One of your characters, Kabe, got her name and backstory in the late 80s and mid 90s. Have you ever read this short story in the anthology book Tales of the Moss Eisley cantina?

No, I have not. I was not aware of that.

Well, I can not really recommend it as a great story.

I will definitely look for that! As I said that costume was so hot. You could not breathe in it and it was so claustrophobic. It was not something for every person. Still, it was an unbelievable time.

You were in your twenties back then right?

I was very young, yes. I'm still young now. (laughs)

(Laughs). That's a great way to end this interview. Thanks!

Thanks to Casper and Lemistore for making this interview possible!


More unique interviews can be found on: Star Wars Interviews - 'Mem-Wars' from a galaxy far, far away ...

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Exclusive interview with Daniel Keys Moran

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In the mid-nineties 90 it was the American author Daniel Keys Moran who gave Boba Fett 'new life'. For the short stories bundles Tales from the Bounty Hunters en Tales from Jabba's Palace he wrote how Fett escaped from the Sarlacc and continued his career as a bounty hunter, while also giving a story to Tales from the Mos Eisley Cantina has worn.

Since it is buzzing with rumors about a Boba Fett movie, it was high time to interview him for this site!

Interview with Daniel Keys Moran

I'd like to start at the very beginning: what did you get into writing and how did your career take off?

I can not remember ever wanting to be a writer. Wrote my first novel at 8 "Third Degree Magic," the main two characters were me and my friend Steve. The bad guy was named "Diablo."

Sent my first story to 13, "A Day in the Life of a Telephone Pole." Wrote my first real novel at 15, an alien invasion western novel. Finally sold a story to Isaac Asimov's Science Fiction Magazine, at 18. Few years after that sold my first novel to Amy Stout at Bantam Doubleday, we are now married and have five children together.

When and where was your first encounter with Star Wars? And what did you think of it?

My high school debate team won a pretty big debate and as a reward we were offered the obscure movie called Star Wars at the Chinese Theater on opening day. I do not think we were at the first showing I was back at the school pretty late in the day but maybe the second or third showing. Pretty good chance David Gerrold (the writer of "Star Trek: The Trouble with Tribbles," Chtorr, "The Man Who Folded Himself") who later got to be a great friend, was in the theater with me when we watched it. He was also there for an early showing, that first day.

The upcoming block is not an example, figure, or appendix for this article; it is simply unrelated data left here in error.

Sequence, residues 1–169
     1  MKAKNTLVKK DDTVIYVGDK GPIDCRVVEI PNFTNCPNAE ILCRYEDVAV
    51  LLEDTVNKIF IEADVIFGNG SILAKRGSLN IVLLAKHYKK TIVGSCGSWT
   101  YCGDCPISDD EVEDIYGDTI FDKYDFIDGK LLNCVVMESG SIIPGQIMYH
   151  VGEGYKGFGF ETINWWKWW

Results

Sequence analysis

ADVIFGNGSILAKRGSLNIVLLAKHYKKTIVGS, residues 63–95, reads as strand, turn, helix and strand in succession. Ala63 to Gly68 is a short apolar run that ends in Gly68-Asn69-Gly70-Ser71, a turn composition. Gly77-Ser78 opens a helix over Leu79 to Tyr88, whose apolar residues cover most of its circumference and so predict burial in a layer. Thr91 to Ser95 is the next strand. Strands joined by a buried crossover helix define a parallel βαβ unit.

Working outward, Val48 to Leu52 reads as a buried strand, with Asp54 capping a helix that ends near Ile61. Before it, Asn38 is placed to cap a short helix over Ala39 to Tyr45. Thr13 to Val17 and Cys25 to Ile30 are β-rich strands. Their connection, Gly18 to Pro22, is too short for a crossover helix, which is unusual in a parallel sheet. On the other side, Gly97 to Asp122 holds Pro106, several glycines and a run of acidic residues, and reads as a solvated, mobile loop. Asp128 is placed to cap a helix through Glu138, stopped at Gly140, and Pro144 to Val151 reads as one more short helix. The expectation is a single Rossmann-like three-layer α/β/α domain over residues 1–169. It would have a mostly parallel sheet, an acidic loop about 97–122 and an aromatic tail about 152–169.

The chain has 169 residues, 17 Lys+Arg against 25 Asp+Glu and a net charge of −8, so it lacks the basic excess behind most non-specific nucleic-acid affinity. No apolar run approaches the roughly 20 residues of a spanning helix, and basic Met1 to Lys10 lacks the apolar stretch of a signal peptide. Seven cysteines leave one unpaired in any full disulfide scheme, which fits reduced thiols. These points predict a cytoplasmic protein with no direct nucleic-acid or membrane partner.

I was blown away. It was the first SF movie that managed the sorts of things I saw in my head when I read Edgar Rice Burroughs.

You wrote two short stories about Fett (called A Barve Like That and The Last One Standing), creating a lot of background for the character, who was especially back then a huge fan favorite. How did you approach this massive task?

It was not a massive task. It was a short story and a novelty, and while I put a lot of skull sweat into them, most of what I've ever written is a heavy lift. They were fun to write with Lucasfilm. I put a pseudonym on "A Barve Like That" because I was cranky with Lucasfilm; they were mad about that. So it was a surprise to me when they had me write "The Last One Standing" I was pretty blunt by that point. Star Wars. Wrote them an outline, told them they could not have it but I was writing what was in the outline, and they said yes. So that was a surprise. Then they tried to excise what was probably my favorite scene in that story; Kevin J. Anderson stopped them, and I'm grateful for that. It was published as written, minus a few word changes here or there.

It's one of my favorite stories. It came from Harrison Ford's desire to see Han Solo coming in Return of the Jedi "He's got no Mama, he's got no Papa, he's got no story." So I took that and ran with it. I did the first "Old Han" story as well as the first real Boba Fett story, taking them into the future and dealing with the loss of their youth.

You also wrote the tale of Kardue'sai'Malloc, the devaronian seen in the Cantina. What was your inspiration to write his story?

That was a pure "I want to write Star Wars"Thing. Kathy Tyers had written an excellent story about the Modal Nodes, the band that plays during the Cantina scene I wrote a story about that hers, about Kardue / Labria, who always had a great time in the bar that day . Turned him into a music collector who was moderated by the Modal Nodes, and had a fun story about how to play them at the bar that day.